WASHINGTON, D.C. — At 75-years-old, former coal miner Jimmy Moore has fond memories of his nearly two decades working at Bethlehem Steel in Pike County, Kentucky.
"I’ve done plenty. I’ve done just about everything in the mines that can be done. There were about 10-11 men there in that same section with you and you take care of each other just like brothers would," Moore said.
The bonds he formed were everlasting but his time in the mines also left him with black lung disease. His 52-year old son, also a former miner, is similarly struggling with the long-term exposure to coal dust.
What You Need To Know
- In January, President Biden signed an executive order directing federal agencies to find ways to increase economic activity in coal communities
- Former coal miners say the pledge to revitalize coal towns in Kentucky is encouraging
- One Kentuckian believes the region could be well suited for wind and solar energy, but more prep work needs to be done
- Many are also putting pressure on federal officials to maintain the Black Lung Disability Trust Fund
People in communities like Moore's are facing health challenges, opiate addiction, and the economic fallout of coal companies filing for bankruptcy.
Moore said an early pledge from the Biden administration to revitalize towns like Shelby Gap is encouraging.
"I’m hoping he’ll bring some business in here some way or another that will revive us," said Moore.
In one of his first acts as president, Joe Biden signed an executive order directing federal agencies to find ways to increase economic activity in coal, oil and gas communities. The Department of Interior has also pledged nearly $10 million for Kentucky to support the work of reclaiming abandoned mine lands.
"I’m seeing the reclamation sites as an opportunity, an opportunity to put people to work in Eastern Kentucky. It’s been a terrible situation on employment. I was frustrated and angry with the war on coal. If the government is going to come in and decimate an entire economic pillar of an area, I think they have an obligation to come in and replace those jobs in other industries and unfortunately that did not occur in Eastern Kentucky or West Virginia," said Dan Caudill, the owner of Caudill Seed Company, a group that is involed with reclamation projects.
He says the Biden administration is taking a step in the right direction, but believes the coal industry has been unfairly targeted for years.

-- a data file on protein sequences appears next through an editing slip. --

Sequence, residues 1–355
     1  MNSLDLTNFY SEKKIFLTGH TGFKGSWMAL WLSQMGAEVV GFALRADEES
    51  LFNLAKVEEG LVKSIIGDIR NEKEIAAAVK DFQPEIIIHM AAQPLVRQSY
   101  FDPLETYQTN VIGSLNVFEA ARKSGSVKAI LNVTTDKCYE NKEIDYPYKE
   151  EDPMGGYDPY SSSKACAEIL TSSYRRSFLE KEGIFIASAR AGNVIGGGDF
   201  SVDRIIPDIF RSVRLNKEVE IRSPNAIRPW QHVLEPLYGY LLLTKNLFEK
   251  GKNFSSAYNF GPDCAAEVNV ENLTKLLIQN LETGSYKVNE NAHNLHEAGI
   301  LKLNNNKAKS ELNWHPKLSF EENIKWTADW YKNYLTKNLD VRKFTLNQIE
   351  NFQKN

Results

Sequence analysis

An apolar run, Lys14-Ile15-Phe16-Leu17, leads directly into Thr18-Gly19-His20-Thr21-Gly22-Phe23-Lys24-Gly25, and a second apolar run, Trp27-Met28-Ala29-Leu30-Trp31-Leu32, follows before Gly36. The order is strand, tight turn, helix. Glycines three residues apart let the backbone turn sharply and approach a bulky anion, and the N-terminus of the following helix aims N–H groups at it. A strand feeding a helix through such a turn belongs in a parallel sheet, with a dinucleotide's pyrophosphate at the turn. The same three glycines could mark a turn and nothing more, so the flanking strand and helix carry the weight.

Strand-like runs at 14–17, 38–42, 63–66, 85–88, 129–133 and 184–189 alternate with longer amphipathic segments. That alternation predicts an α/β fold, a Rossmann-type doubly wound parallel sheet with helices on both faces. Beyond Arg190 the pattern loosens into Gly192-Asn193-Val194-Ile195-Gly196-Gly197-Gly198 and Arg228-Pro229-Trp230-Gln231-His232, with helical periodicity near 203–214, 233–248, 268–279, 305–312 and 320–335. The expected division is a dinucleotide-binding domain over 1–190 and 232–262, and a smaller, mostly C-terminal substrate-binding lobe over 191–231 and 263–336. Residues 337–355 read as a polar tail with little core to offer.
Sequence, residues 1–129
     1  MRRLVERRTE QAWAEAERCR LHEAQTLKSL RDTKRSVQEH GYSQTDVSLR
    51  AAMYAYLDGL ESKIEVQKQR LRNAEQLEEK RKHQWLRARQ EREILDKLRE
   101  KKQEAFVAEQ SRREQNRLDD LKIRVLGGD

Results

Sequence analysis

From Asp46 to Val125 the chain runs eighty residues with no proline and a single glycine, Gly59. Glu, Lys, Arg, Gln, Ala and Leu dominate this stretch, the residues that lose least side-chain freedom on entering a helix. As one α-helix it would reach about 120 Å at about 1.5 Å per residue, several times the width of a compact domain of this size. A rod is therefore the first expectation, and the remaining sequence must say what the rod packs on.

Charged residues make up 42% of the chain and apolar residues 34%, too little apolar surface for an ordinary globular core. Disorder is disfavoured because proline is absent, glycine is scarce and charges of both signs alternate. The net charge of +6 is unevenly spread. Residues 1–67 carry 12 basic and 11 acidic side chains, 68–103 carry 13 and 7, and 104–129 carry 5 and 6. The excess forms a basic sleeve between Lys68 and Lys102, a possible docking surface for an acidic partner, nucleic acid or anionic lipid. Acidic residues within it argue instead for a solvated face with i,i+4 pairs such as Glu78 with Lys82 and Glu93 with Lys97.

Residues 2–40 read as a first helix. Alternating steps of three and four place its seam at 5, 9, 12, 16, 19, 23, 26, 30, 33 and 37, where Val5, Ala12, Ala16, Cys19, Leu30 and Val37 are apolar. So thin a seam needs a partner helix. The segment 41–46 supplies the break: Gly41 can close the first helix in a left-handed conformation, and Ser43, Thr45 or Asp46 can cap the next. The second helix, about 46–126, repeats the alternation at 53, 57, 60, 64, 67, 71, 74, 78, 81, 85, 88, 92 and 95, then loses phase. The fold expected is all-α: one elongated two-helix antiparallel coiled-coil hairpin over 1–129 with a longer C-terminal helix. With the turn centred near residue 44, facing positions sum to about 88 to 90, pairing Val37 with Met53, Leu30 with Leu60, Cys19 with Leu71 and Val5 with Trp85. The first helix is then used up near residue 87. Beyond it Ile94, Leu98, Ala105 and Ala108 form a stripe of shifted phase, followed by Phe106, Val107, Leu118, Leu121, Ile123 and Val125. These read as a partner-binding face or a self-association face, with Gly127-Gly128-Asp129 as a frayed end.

"It’s a drop in the bucket and I don’t know exactly how it’s going to be distributed and how it’s going to get out there but when you take a multi-billion dollar industry in a region of the United States that has no other major industries in it and you basically shut that industry down, you need to replace it with something closer in size to that," he said.
Caudill believes the region could be well suited for wind and solar energy but said before new industry can develop, more mines must properly be reclaimed.
"It affects everyone in the community and it also affects everyone's mental stability. We have such a large drug problem in this area. People can’t find jobs. They turn to drugs," said Laresa Toole, an Eastern Kentucky resident who works for Caudill, on the economic decline of the region.
"There is not one solution or one approach that is going to solve all of the issues we are facing," said Rebecca Shelton, Director of Policy & Organizing at the Appalachian Citizens' Law Center, a group that assists former miners like Moore.
Shelton said top of mind for her is putting pressure on federal officials to maintain the Black Lung Disability Trust Fund.
"The tax that funds the fund is set to get cut in half by the end of the year," she said.
Moore is confident Biden will make good on his promises but isn't sure what comes next if the efforts fall flat.
"If he don’t do that, we’ll be in the wilderness for a long time," Moore said.